Re-Inflecting Femininity on the Czech Fin-de-Siècle Stage: An Analysis of Hana Kvapilová’s Acting Style.
This essay focuses on the career of the most popular Czech fin-de-siècle actress, Hana Kvapilova (1860-1907). Kvapilova has been widely considered by her contemporaries and theatre historians both a “national actress” and a chief representative of Czech women’s emancipation on the fin-de-siecle stage. Most Czech scholars have praised, idealized, and idolized Kvapilova. During her lifetime the actress did have to deal with political intrigues and sometimes harsh criticisms. But following her early death stemming from neglected diabetes and exhaustion, the actress became a sort of untouchable martyr for Czech drama scholarship. Kvapilova’s predisposition to martyrdom and personal sacrifice may in fact have contributed significantly to her transformation into an ideal (because unthreatening) representative of Czech women’s emancipation.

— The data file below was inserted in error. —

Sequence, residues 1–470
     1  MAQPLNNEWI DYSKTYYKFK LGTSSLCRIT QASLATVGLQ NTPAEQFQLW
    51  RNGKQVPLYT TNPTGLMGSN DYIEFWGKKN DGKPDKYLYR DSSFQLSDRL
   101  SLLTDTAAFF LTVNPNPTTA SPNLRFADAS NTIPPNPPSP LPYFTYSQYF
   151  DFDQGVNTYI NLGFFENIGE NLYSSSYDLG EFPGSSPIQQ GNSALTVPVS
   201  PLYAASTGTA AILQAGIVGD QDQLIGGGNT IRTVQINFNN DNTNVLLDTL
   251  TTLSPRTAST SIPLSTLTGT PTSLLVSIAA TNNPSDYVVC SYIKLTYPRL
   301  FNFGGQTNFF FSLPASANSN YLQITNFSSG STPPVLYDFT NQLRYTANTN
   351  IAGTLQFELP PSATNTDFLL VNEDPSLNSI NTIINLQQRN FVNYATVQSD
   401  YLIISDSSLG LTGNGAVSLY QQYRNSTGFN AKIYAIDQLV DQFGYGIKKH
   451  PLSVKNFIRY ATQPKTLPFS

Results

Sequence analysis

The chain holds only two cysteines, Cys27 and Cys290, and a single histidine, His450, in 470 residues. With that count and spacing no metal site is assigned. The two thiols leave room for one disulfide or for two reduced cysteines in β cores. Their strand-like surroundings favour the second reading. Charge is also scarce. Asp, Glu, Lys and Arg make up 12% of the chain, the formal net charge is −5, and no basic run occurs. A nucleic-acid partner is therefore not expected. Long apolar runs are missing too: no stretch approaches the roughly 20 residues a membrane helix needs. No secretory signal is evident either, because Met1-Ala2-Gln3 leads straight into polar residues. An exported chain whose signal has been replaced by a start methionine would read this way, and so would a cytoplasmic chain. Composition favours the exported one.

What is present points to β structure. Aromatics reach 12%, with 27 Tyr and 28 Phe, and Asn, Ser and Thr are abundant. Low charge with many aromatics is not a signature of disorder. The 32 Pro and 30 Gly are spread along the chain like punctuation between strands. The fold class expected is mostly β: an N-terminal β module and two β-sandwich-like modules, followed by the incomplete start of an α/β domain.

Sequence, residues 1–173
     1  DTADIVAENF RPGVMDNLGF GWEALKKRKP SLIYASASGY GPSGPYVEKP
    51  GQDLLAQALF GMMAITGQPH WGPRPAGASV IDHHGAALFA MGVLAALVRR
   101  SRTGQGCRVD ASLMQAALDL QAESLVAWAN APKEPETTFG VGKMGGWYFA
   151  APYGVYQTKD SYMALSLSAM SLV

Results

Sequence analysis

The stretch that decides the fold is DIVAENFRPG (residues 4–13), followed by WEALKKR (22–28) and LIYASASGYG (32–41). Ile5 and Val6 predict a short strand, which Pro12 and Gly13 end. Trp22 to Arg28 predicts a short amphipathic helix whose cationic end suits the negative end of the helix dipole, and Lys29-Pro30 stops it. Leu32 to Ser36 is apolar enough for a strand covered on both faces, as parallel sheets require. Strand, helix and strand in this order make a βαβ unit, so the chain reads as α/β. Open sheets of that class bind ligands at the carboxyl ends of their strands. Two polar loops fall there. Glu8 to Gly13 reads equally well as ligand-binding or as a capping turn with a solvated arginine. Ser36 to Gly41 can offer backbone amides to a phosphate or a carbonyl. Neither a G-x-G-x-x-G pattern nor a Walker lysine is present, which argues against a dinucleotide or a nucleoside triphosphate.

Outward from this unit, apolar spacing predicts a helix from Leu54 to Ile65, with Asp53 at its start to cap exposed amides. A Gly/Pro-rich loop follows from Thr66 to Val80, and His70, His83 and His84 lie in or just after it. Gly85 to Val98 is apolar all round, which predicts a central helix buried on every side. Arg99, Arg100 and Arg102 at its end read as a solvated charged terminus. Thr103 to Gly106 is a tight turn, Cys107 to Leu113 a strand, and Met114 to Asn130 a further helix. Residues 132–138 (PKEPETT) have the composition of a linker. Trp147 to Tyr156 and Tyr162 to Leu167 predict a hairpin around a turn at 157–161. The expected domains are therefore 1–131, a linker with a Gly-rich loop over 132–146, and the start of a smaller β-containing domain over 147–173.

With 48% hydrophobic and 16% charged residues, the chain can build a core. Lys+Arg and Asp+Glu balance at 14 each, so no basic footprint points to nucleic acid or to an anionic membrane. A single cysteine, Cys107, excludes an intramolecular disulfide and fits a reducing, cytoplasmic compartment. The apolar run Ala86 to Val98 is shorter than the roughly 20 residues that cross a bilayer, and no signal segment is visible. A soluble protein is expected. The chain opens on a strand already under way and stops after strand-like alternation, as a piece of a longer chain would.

Kvapilova earned her reputation as an emancipated woman for her rejection of some traditions harmful to women, such as arranged marriages or women’s confinement in the domestic space. At the same time, she was encouraged to embrace (and did embrace) what some scholars of Czech nationalism have labeled the “Czech cult of martyrdom” or “Czech masochistic nationalism,” which in her case translated into a performance of self effacing and body-obliterating femininity. Analyzing her ethereal acting style and the roles that made her famous, Jusova traces the process through which Kvapilova was transformed into a symbol of appropriate Czech emancipated womanhood and later into a martyr figure by means of denying and effacing her corporeality.